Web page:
This article was published in the Summer 2021 issue
by Mike Ballard, Managing Director, Camino Verde Group
The tech industry has traditionally been affiliated with the biggest cities in the country, including San Jose, Boston, Austin, Salt Lake City and more. But now these cities have competition – rural areas are primed to be the next biggest location for tech.
In the last year, rural towns throughout the U.S. have captured the attention of tech companies, city dwellers, college students and business owners. Unlike many of their metropolitan counterparts, rural towns offer affordable housing, lower lease rates, opportunities for growth and less business competition than their urban neighbors.
Central Utah is leading the trend with opportunities for advancement in business and tech, particularly in budding towns like Ephraim, located just an hour south of Provo. Just this year, Ephraim welcomed its newest multipurpose community Ephraim Crossing, a mixed-use campus featuring business, retail and residential living, to accommodate for its growing demand in tech and residential spaces.
A recent study by the University of Utah Kem C. Gardner Policy Institute showed that tech employment grew in the state at an average annual rate of 4.9 percent from 2008 to 2018. Currently, more than 310,000 Utah jobs are based in the tech industry. Snow College recently created a four-year software engineering degree, and the city seeks to keep its “best and brightest” in the local area. Ephraim Crossing was designed to meet these needs and bring a new technology hub to Sanpete County.
Ephraim Crossing is perfect for tech companies looking for a new location in Utah. It will have world-class amenities within a small-town setting. With more opportunities to relocate, tech company headquarters also have the option to remain in Silicon Slopes while conducting operations out of Ephraim where operating costs are much lower.
Recent studies have shown that American employees are more interested in living in rural areas, especially in the last year. According to a 2021 survey by Gallup, nearly half of Americans said at the end of 2020 that they would prefer to live in small towns or rural areas.
There are options for companies facing this growing trend of relocating to the country. Key employees can work and reside in more affordable rural Utah where the median home value is just $209,000 in Sanpete County, according to data compiled by the National Association of Realtors. Home values in the area are roughly half of what they are in neighboring Utah County where the median home values are $459,000. With Ephraim being so close to the city, employees can still make the 90-minute or less drive to headquarters for the occasional meeting or training session and still have enough time to be back home that same evening for dinner.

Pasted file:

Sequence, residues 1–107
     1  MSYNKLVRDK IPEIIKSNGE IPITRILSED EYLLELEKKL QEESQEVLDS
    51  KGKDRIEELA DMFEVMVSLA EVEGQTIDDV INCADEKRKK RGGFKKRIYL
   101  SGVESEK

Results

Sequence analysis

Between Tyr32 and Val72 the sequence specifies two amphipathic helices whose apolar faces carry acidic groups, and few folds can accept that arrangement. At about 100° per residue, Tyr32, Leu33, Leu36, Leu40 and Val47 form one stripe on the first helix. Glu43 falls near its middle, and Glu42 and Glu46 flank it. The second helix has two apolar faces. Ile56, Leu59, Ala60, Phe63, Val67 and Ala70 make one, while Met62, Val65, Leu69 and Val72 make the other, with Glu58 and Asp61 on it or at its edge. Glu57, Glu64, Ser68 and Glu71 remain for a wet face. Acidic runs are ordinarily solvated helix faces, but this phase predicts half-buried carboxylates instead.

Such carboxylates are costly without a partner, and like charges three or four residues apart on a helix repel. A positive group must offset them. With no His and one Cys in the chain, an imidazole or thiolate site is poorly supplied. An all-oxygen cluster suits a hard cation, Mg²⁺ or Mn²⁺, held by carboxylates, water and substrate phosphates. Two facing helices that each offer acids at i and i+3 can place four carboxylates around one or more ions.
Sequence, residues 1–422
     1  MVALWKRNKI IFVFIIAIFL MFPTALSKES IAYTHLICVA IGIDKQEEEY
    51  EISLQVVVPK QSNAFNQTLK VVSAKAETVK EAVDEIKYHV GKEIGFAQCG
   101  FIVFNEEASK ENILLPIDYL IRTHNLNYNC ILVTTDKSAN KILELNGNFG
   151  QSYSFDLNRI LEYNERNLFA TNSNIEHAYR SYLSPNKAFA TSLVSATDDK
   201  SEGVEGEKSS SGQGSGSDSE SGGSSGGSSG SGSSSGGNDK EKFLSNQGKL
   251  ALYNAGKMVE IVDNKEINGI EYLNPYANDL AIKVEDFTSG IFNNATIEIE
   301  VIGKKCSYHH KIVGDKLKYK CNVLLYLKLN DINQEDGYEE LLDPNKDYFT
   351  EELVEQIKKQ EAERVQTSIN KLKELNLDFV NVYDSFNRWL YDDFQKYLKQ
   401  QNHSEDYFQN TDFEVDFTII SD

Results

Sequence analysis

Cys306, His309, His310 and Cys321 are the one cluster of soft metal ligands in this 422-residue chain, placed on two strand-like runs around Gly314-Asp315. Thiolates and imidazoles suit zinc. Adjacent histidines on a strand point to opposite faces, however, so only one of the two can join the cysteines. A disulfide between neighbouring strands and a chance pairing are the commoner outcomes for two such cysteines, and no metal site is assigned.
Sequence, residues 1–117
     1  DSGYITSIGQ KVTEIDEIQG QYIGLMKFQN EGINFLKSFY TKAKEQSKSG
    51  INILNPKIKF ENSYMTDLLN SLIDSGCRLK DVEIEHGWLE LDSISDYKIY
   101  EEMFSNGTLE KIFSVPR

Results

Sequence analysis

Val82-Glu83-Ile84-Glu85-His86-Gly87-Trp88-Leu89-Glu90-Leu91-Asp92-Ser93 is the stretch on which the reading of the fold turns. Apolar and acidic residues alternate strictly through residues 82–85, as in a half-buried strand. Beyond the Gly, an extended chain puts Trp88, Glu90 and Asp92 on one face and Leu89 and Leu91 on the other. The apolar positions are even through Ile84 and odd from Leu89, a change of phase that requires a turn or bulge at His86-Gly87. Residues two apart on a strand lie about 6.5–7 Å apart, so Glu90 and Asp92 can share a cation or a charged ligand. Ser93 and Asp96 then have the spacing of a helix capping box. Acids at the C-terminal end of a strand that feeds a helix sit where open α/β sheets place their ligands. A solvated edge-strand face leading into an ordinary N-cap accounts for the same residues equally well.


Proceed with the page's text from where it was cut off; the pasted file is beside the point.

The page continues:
This combination of convenience and affordability while still having the option to work for a major tech company has been shown to attract top-tier businesses and their employees, all of whom will enjoy an environment that balances innovation and work with recreation and relaxation.
The first building planned for the business sector at Ephraim Crossing is a three-story, 32,000 square foot tech office and co-working facility. Since the entire city of Ephraim is in an Opportunity Zone, there are several incentives available for businesses looking to relocate or create a remote office, including tax credits, financing and Rural Economic Development Incentives.
And as employment grows, so does the need for housing. Development is currently underway for The Estates at Ephraim Crossing, with 50 affordable single-family homes and the Townhomes at Ephraim Crossing, featuring 86 spacious two-story townhomes. At full buildout, Ephraim Crossing will have more than 400 residences of varying types within the community.
Communities like Ephraim Crossing are making it possible for the tech industry to redraw its path to innovation and success. For years, cities have been home to some of the world’s top tech companies, but the industry has already started to peek over the city walls.
As places like Ephraim continue to progress and offer businesses more benefits and greater opportunities to grow, don’t be surprised if your favorite tech company finds a new home in the countryside.
ABOUT THE AUTHOR
Mike Ballard is the CEO and managing partner of Camino Verde Group LLC, a privately held real estate investment, development and asset management company and the developer of Ephraim Crossing. He has thirty years of experience in all facets of real estate operations. He has served on the board of the Marriott School of Management at BYU and the Tony Award-winning Utah Shakespearean Festival.
For more information, visit http://caminoverdegroup.com/.
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*Read the latest issue of Silicon Slopes Magazine, Summer 2021